THE LANCET, Volume 336,Page 50,
July 7, 1990.

Breastfeeding and urinary tract infection

SIR,—Your May 12 editorial about case-control studies and the creativity of "hundreds of small research studies" prompts us to record an example of what may be further evidence of the potential of the case-control approach. Discussion with medical students, engaged in basic epidemiology training, of a Lancet paper on breastfeeding and bacterial adhesion to uroepithelial cells1 led to a case-control study of exposure to breastfeeding and urinary tract infection (UTI) in infants. It is not known if human milk protects against UTI 2.

      The 62 cases were all infants aged 0-6 months who were admitted to the university department of paediatrics between Jan 1, 1980, and Dec 31, 1988, and whose diagnosis was UTI, confirmed by at least one urine culture, done in our hospital, that yielded more than 100000 organisms/ml of a single species. The children had one or more of the following: failure to thrive, vomiting, diarrhoea, and fever. Two groups of controls -- matched by sex, age (within 15 days), father's occupation, geographical area of residence, birth order, type of delivery, and month of admission -- were chosen by systematic sampling. 62 controls were seen at our well-baby clinic; they were healthy and no urine cultures were done (in healthy infants asymptomatic bacteriuria is very unusual3). The other 62 controls had been admitted to our hospital with an acute illness and had negative urine cultures. None of the males, cases or controls, had been circumcised.

      Data on breastfeeding were complete from the clinical records of both cases and controls. The proportion of infants who had been put to the breast at all was 47% in the cases and 82% and 87% in the controls (p < 0.001), and the mean duration of breastfeeding was 60, 61 and 61 days. For the purpose of analysis we defined an infant as breast-fed if he or she had had breast milk up to the day of the admission or outpatient visit (or at least 3 days before). The factors for which we matched cases and controls are not confounders for UTI 4 so the table gives the results for the unmatched analysis; matched and unmatched relative risk estimates were almost identical.

                              |          |  Well-baby     |  Inpatient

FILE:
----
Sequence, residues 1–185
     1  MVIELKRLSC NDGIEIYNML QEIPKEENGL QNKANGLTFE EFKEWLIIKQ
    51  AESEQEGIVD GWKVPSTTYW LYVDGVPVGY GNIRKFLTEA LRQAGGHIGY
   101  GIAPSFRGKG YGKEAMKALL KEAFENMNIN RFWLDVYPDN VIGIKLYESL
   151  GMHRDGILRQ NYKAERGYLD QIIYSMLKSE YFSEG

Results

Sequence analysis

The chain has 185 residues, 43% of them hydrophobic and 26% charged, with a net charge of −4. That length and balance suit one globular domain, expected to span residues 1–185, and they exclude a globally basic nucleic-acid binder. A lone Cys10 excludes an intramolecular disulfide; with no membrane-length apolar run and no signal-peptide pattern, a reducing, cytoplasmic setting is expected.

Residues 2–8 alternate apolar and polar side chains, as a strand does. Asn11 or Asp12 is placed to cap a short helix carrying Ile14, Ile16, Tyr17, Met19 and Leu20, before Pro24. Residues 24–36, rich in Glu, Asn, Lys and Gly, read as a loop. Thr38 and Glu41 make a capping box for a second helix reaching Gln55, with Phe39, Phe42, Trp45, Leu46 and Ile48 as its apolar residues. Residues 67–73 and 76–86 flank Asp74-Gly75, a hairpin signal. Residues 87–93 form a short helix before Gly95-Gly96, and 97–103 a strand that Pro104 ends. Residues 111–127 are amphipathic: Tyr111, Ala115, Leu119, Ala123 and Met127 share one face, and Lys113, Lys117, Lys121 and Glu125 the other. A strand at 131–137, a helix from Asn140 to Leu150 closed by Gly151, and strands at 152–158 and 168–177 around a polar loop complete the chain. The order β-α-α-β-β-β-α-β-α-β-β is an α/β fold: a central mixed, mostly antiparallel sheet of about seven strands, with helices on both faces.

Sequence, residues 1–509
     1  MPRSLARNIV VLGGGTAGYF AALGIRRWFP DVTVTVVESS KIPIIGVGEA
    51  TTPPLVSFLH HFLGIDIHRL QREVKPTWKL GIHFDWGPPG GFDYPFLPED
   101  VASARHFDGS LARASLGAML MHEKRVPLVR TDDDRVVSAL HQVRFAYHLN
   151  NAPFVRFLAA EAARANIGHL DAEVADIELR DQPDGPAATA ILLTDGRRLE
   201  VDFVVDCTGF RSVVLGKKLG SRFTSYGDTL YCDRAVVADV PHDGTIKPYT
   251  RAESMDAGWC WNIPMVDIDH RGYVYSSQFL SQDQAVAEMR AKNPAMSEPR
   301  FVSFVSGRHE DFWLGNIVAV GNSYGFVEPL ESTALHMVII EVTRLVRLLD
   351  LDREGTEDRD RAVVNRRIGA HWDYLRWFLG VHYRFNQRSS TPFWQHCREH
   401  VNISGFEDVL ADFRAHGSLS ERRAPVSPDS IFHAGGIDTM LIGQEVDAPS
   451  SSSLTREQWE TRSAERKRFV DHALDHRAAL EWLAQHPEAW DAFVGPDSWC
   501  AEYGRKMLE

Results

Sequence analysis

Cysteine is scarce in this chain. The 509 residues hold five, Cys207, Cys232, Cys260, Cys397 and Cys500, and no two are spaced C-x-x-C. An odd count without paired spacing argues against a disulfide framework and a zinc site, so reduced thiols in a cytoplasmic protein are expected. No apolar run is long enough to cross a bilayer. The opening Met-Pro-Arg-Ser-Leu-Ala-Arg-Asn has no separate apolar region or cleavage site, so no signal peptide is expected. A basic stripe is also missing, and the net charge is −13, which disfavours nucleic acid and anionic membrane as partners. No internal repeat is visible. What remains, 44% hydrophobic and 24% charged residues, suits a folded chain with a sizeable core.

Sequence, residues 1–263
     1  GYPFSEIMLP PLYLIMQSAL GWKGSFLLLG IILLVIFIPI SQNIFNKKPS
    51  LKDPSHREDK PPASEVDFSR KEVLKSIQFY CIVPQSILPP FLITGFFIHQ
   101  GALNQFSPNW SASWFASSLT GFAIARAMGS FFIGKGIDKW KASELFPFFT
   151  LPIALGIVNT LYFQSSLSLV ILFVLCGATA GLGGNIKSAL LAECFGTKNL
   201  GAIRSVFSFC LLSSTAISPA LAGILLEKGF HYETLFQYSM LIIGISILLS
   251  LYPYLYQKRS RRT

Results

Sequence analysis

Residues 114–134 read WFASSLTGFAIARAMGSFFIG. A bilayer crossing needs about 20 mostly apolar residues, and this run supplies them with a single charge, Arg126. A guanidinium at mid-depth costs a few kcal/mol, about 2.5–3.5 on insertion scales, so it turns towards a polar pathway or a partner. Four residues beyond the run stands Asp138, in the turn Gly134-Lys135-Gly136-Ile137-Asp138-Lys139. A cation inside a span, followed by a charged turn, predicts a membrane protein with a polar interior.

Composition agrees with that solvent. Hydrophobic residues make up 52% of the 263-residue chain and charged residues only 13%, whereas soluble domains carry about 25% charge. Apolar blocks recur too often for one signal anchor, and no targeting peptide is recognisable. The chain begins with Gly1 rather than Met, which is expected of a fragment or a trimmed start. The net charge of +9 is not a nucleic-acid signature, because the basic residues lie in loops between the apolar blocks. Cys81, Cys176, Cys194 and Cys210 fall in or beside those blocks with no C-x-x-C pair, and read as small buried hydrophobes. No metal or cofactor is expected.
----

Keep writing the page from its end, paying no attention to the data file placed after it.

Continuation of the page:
Characteristic                | Cases    |  controls      |  controls
Age                           |          |                |
 0-1 mo                       |     9    |        9       |       9
 2-3 mo                       |    30    |       30       |      30
 4-6 mo                       |    23    |       23       |      23
Sex (M/F)                     |  36/26   |     31/31      |    35/27
Social Class:                 |          |                |
 I-III                        |    22    |       22       |      20
 IV-VI                        |    36    |       37       |      39
 Unknown                      |     4    |        3       |       3
Birth Order                   |          |                |
 (first/subsequent)           |  26/36   |     26/36      |    26/36
Breastfeeding (see text)      | 10 (16%) |   34 (55%)     |   26 (42%)
Odds Ratio (and 95% confidence interval) | 6.3 (2.5-16.1) | 3.7 (1.5-9.5)

      These are the first data suggesting a protective effect of breastfeeding against UTI. Two medical students in two weeks came up with a clinically and biologically interesting hypothesis: will it be a challenge for "burnt-out" investigators who, you say, are fit only for the administration of confirmatory randomised trials?

Alfredo Pisacane
Liberatore Graziano
Gregorio Zona
Department of Paediatrics,
University of Naples,
80131 Naples, Italy


  1. Coppa G, Gabrielli O, Giorgi P, et al. Preliminary study of breastfeeding and bacterial adhesion to uroepithelial cells. Lancet 1990; 335: 569-571.
  2. Kovar MG, Serdula MK, Marks JS, Fraser DW. Review of the epidemiologic evidence for an association between infant feeding and infant health. Pediatrics 1984: 74 (suppl): 702-27. [Abstract]
  3. Siegel SR, Sokoloff B, Siegel B. Asymptomatic and symptomatic urinary tract infection in infancy. Am J Dis Child 1973; 125: 45-47.
  4. Kunin CM. Epidemiology and natural history of urinary tract infection in school age children. Pediat Clin North Am 1971; 18: 509.

[CIRP Note: Pisacane et al. later published a more detailed and conclusive study. See Breast-feeding and urinary tract infection]

(File revised 16 September 2006)

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